Procellariiformes


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Procellariiformes

[‚prō·sə·lə‚rī·ə′fȯr‚mēz]
(vertebrate zoology)
An order of oceanic birds characterized by tubelike nostril openings, webbed feet, dense plumage, compound horny sheath of the bill, and, often, a peculiar musky odor.

Procellariiformes

 

an order of sea birds. The ends of their beaks are bent into hooks. The nostrils open into special tubes on the beak (whence their second name, tube-nosed swimmers, Tubinares). The feet are webbed, the wings are long and sharp, and the plumage is thick and dense. The body length is from 15 cm (petrels) to 105 cm (albatrosses).

The birds fly and swim well, and certain species of Procellariiformes are good divers. Their peculiar wing structure allows them to soar for hours over the sea without a single wing movement. On land the birds (except for albatrosses) move with difficulty and remain on dry land only in the breeding period. During the rest of the year they make long migrations, such as around Antarctica or from subantarctic regions to the Bering Sea. They are monogamous. Small species begin to reproduce in their second or third year; the larger species, in their fifth to tenth year, after which they do so yearly. They nest in colonies, sometimes far from the sea. There is one egg per clutch. Albatrosses build nests, while other species lay their eggs on the ground, in burrows, or in fissures. Both parents brood. The chicks are blind and covered with thick down. The chicks of the smaller species stay in the nest about 60 days, while those of the albatross stay about six months. They get their food (marine invertebrates, fish, fishing offal) in the upper waters. Only some of the Procellariiformes (the Pelecanoides) are capable of diving.

There are 24 genera of Procellariiformes, uniting 94 species. They are distributed largely in the southern hemisphere. There are 13 species in the USSR, of which four nest. The fork-tailed petrel and Leach’s petrel (Oceanodrama furcata and O. leucorrhoa) nest in the Komandorskie Islands and Kuril Islands, Swinhoe’s petrel (O. monorhis) nests near Vladivostok, and the fulmar (Fulmarus glacialis) nests on the shores of the Barents and Bering seas. Encountered during migrations are the Manx shearwater (Puffinus puffinus) in the Black and Azov seas and the slender-billed shearwater (P. tenuirostris), sooty shearwater (P. griseus), short-tailed albatross (Diomedea albatrus), and black-footed albatross (D. nigripes) in the Pacific.

REFERENCE

Ptitsy Sovetskogo Soiuza, vol. 2. Edited by G. P. Dement’ev and N. A. Gladkov. Moscow, 1951.

A. M. SUDILOVSKAIA

References in periodicals archive ?
(1993): A petrel-like bird from the Eocene of Louisiana: earliest record for the Order Procellariiformes. Proc.
The flight of petrels and albatrosses (Procellariiformes), observed in South Georgia and its vicinity.
Procellariiformes (petrels and albatrosses) have several life history traits that simplify the study of sex differences in parental investment in male or female offspring.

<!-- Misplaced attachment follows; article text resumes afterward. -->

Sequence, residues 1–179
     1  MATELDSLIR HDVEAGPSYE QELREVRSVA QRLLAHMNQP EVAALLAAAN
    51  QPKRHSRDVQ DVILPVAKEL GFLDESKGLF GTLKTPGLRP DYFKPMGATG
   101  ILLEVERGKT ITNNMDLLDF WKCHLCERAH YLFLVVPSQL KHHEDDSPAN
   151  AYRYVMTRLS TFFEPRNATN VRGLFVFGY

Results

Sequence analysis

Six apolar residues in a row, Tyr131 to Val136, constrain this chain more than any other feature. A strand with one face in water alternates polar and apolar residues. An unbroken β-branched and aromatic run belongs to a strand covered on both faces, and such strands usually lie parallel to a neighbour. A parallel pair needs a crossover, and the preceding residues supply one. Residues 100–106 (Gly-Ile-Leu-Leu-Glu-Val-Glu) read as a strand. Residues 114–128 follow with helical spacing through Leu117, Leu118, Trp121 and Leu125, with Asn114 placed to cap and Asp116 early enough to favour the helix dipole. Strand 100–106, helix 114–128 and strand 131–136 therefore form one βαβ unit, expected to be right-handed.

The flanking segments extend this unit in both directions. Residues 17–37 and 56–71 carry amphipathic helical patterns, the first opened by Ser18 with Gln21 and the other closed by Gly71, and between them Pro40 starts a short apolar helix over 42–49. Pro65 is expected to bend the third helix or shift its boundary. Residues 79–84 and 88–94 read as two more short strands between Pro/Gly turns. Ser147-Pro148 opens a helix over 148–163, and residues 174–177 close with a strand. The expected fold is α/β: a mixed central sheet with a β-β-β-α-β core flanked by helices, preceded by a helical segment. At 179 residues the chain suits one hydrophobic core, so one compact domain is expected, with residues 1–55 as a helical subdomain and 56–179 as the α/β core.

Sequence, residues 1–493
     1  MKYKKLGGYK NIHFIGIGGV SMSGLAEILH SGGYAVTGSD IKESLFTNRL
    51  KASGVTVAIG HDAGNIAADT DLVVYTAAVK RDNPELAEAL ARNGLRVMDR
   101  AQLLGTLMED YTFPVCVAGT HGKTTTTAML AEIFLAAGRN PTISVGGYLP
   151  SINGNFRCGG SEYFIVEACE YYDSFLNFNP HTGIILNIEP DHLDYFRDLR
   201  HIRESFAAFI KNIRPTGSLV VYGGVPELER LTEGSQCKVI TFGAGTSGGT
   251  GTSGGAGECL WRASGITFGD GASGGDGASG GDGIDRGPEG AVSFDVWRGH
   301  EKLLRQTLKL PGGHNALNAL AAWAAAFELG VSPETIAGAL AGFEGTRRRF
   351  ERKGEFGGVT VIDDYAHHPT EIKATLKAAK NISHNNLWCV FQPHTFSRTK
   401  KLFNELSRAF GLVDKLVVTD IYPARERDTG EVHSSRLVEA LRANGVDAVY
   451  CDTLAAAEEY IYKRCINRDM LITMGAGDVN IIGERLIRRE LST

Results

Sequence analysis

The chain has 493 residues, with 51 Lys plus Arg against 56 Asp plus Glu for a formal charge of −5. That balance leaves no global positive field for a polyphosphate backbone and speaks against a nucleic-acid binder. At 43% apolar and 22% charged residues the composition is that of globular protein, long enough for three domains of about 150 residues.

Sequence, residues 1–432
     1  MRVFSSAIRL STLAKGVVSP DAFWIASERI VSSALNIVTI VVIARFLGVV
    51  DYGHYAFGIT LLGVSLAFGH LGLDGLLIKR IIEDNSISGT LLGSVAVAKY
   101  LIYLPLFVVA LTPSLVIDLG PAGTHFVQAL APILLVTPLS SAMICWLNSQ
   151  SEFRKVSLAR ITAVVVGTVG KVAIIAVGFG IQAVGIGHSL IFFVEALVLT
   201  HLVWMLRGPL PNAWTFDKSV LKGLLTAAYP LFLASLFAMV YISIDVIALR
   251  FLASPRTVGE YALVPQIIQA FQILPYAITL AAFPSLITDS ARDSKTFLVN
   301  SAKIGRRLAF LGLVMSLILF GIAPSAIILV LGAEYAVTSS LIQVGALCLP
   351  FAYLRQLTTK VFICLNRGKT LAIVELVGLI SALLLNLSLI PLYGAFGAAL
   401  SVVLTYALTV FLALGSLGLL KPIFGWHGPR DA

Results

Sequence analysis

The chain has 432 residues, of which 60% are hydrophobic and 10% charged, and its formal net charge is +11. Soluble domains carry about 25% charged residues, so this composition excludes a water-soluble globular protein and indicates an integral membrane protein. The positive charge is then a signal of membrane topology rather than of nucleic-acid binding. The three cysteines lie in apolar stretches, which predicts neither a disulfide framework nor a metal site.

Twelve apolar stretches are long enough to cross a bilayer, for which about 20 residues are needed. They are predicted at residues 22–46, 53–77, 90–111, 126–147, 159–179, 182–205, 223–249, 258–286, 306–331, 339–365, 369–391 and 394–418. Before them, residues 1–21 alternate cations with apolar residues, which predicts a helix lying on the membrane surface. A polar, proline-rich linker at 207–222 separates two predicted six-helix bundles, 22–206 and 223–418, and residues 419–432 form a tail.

The seabirds sampled in this study belong to the orders Procellariiformes (albatrosses, petrels, shearwaters, priors, and fulmarines) and Sphenisciformes (penguins).
Se han identificado cinco posibles fuentes de cefalopodos para los procellariiformes: 1) mortalidad cefalopodos post-desove, 2) calamares no reutilizados como carnada, 3) cefalopodos de migracion nictimeral, 4) regurgitacion de cetaceos, y 5) contenidos estomacales de peces eviscerados capturados por buques palangreros (Croxall & Prince, 1994; Vaske, 2011).
Recent studies relating feeding rhythm and body condition of individual parents have demonstrated that pelagic Procellariiformes (albatrosses and petrels) have specific feeding rhythms; the parents alternate or mix short and long foraging trips (Chaurand and Weimerskirch 1994, Weimerskirch et al.
The data include species from the orders Sphenisciformes, Procellariiformes, Pelecaniformes, Falconiformes, Charadriiformes, Strigiformes, Apodiformes, Coraciiformes, and Passeriformes.
Aquatic birds (Sphenisciformes, Gaviiformes, Podicipediformes, Procellariiformes, Pelecaniformes, and Charadriiformes).
We examine relationships among at-sea metabolism, flight characteristics, and weather conditions, and suggest that wind speed plays a critical role in determining foraging costs of Northern Fulmars and that this effect may have major implications both for the ecology of Northern Fulmars, and more generally for Procellariiformes and other flap-gliding seabirds.
Suggestions for discussion by the editors for a future edition include a few additional words in the Index: Boy Scouts/Girl Scouts, Euphausia superba (oddly enough, not mentioned anywhere in the book), Procellariiformes, and tube-nosed.
Due to small sample sizes, I was unable to use multiple regression analysis on the family level, so I analyzed data on the order level for Procellariiformes and Charadriiformes, which were used by Klaassen and Drent to show a positive correlation between metabolic rate and growth rate.